Looking for Art Nouveau houses
One of the first things Anna, the lady who hosted us in Brussels, showed us was a wonderful book with beautiful illustrations of the city at the turn of the last century before splendid 18th-century buildings were demolished and when Art Nouveau was at its peak. Therefore, we could not resist following a short itinerary in search of some of the masterpieces of the artist and architect Horta. A forerunner of Art Nouveau, Horta revolutionized the way people conceived of dwelling buildings, broadening the architect’s task from the design of spaces, interior and exterior, to a conception that also included the study and implementation of lighting, furniture, wall decoration, even objects. According to the definition of one of his admirers, French architect Hector Guimard, Horta was an “artist architect” who conceived of the home as a “total” work of art, like a “shell” built around its owner. We were so curious that we read a lot of information while walking from one house to another.
«To each epoch, its art. To art, its freedom.»
This motto, displayed on the frontage of J.M. Olbrich’s Secession House in Vienna in 1898, reflects the desire to which Art Nouveau was a response: the desire to break away from imitating styles of the past, to develop an art that reflected the sensitivities and way of life of a particular society, the extreme individuality of the artist dreaming of inventing an original language that would ensure the absolute harmony of life’s ornamentation. With its newly acquired wealth in commercial or industrial enterprises, the private home became the framework for an aesthetic experience for a new middle class. Art Nouveau was thus adopted by progressive individuals who sought to assert their modernity before it became widespread across all social classes or a passing fad. Images in decorative arts magazines and in commerce (department stores or magasins d’art) spread the word.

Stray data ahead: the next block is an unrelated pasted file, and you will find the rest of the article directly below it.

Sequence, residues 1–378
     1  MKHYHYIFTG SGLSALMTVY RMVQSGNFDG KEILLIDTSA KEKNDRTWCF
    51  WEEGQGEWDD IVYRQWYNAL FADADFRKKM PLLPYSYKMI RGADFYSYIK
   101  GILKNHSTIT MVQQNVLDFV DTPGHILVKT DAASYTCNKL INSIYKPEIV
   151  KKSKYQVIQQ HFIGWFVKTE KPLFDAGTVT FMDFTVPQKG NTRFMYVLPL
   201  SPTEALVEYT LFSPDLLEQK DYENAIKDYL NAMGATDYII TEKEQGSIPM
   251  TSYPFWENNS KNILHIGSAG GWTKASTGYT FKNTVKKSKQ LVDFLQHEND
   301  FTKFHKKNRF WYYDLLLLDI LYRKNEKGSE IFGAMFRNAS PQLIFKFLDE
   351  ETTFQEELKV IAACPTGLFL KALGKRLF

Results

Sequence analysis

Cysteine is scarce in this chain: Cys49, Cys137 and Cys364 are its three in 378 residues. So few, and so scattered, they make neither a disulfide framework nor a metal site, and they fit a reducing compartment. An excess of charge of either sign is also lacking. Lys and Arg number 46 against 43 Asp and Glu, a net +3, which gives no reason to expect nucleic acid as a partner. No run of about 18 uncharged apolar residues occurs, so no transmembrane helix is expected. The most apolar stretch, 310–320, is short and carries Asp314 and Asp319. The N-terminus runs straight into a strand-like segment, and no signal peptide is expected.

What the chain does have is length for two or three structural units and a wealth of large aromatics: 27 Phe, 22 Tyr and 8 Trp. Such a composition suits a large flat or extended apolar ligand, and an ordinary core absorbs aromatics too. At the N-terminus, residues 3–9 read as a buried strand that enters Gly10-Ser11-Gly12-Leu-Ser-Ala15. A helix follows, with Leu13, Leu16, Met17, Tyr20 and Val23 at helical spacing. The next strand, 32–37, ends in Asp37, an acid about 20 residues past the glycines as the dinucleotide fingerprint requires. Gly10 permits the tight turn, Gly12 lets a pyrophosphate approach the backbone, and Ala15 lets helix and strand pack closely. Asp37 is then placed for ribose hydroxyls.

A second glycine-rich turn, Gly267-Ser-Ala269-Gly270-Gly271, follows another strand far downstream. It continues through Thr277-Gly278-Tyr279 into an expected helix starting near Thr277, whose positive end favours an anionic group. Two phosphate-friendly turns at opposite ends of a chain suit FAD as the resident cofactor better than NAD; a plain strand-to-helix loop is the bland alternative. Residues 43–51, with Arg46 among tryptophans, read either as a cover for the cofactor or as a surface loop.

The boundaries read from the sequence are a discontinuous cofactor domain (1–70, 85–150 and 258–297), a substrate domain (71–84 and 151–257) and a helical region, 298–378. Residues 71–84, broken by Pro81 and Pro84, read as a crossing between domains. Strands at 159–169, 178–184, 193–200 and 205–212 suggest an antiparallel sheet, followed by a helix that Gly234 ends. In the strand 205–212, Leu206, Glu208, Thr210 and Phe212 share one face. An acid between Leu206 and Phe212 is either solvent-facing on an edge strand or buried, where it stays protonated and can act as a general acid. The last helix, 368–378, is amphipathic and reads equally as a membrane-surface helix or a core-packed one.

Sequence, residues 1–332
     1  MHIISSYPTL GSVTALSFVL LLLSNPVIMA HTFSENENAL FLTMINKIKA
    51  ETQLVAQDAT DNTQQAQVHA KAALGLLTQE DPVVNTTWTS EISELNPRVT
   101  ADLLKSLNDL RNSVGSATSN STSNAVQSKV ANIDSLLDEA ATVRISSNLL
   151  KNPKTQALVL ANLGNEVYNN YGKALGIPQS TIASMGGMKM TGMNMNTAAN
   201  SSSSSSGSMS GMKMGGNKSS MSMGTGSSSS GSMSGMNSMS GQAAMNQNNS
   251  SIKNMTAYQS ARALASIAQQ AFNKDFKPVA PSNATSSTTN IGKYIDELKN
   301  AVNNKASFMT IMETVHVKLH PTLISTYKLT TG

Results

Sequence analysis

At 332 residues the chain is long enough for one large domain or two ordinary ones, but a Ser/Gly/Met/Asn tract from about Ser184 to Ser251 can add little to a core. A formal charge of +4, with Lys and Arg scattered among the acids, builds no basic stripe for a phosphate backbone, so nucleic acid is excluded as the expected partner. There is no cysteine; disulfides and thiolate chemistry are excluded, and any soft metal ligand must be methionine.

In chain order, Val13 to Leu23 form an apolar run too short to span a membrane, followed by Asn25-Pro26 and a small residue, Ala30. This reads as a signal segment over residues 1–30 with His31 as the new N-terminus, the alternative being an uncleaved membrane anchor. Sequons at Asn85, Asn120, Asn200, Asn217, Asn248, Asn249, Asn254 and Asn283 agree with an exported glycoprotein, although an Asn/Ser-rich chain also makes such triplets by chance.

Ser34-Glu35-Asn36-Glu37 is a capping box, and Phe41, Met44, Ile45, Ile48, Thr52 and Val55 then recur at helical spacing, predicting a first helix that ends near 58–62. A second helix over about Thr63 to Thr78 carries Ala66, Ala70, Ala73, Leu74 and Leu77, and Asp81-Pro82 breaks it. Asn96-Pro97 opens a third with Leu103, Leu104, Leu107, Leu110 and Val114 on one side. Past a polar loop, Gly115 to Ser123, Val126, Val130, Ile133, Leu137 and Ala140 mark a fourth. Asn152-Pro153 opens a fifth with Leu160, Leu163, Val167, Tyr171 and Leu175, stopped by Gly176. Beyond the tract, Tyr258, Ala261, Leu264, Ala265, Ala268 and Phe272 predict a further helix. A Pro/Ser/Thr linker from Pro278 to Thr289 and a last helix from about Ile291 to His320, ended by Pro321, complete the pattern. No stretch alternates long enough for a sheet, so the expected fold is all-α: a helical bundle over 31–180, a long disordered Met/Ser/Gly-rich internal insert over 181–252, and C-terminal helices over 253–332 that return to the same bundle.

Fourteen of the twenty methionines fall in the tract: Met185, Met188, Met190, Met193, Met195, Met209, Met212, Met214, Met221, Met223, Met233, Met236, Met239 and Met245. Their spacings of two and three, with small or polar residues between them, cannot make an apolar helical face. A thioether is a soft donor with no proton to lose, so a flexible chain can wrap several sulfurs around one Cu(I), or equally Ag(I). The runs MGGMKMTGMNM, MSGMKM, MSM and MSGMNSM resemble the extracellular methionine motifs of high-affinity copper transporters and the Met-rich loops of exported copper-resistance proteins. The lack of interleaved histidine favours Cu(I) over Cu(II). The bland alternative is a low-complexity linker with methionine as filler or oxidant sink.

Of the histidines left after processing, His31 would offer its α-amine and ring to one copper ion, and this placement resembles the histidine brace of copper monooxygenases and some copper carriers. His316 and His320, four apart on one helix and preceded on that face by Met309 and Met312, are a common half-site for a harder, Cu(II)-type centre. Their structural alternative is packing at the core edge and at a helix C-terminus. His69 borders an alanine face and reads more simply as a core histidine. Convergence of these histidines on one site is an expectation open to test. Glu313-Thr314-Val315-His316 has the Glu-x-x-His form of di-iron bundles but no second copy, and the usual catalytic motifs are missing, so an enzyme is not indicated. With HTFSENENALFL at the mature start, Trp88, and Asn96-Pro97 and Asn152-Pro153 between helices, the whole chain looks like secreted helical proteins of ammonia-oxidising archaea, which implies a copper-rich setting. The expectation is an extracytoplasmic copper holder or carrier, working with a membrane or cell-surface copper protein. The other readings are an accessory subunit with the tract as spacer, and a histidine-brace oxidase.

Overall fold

Our favorite house was Saint-Cyr house, one of the most extravagant Art Nouveau achievements. It was built by Victor Horta’s protégé, architect Gustave Strauven. Between 1901 and 1903, he built and designed this house for the painter George Saint-Cyr. The four-meter-wide narrow façade is rich in delicately crafted ironwork. The circular loggia surmounted by a wrought iron gable in Baroque style is one of the most stunning elements of the façade. The house has a fairy-tale atmosphere thanks to the architectural twist and ornamentation.
A coffee with the Italian Ambassador
After this amazing walking, we took the underground to get to the Italian Embassy in Brussels. We were so honored and grateful to be welcomed there. It was a great thrill to dialogue with Ambassador Francesco Genuardi, tell him about our project and answer his questions. In addition, we had the opportunity to ask more about his work and what it means to represent Italy in a country of central importance for European purposes, such as Belgium. The ambassador explained to us his role in connecting Belgian and Italian instances from both economic and political and cultural perspectives. We were positively impressed by his openness to citizenship and youth initiatives.
It’s time to leave Belgium
Unfortunately, time ran out in Brussels and we had to head to the bus station where with some difficulty we found our Blablabus waiting for us to leave. Before reaching our destination, which is Amsterdam, we passed through Rotterdam, a city we did not know and were dazzled by as we peered out of the windows. During the long bus ride, we rested and used the time to post social content about the wonderful days in Belgium.
Once we arrived in Amsterdam we ran into the doors to greet Moses the cat who patiently waited for us during these days away. Just enough time to unpack and then we got right to work preparing a small aperitif for Door Mariam and her boyfriend. Door Mariam studies in Groningen as Gloria and writes for the online newspaper Ukrant. Interested in our project she asked us for an interview. It was an in-depth and extremely pleasant conversation. It was an opportunity to focus on all the activities we had copied over the past weeks and reflect on them. After letting them taste some Italian amaro, we said our goodbyes and sank into bed to give ourselves a great rest!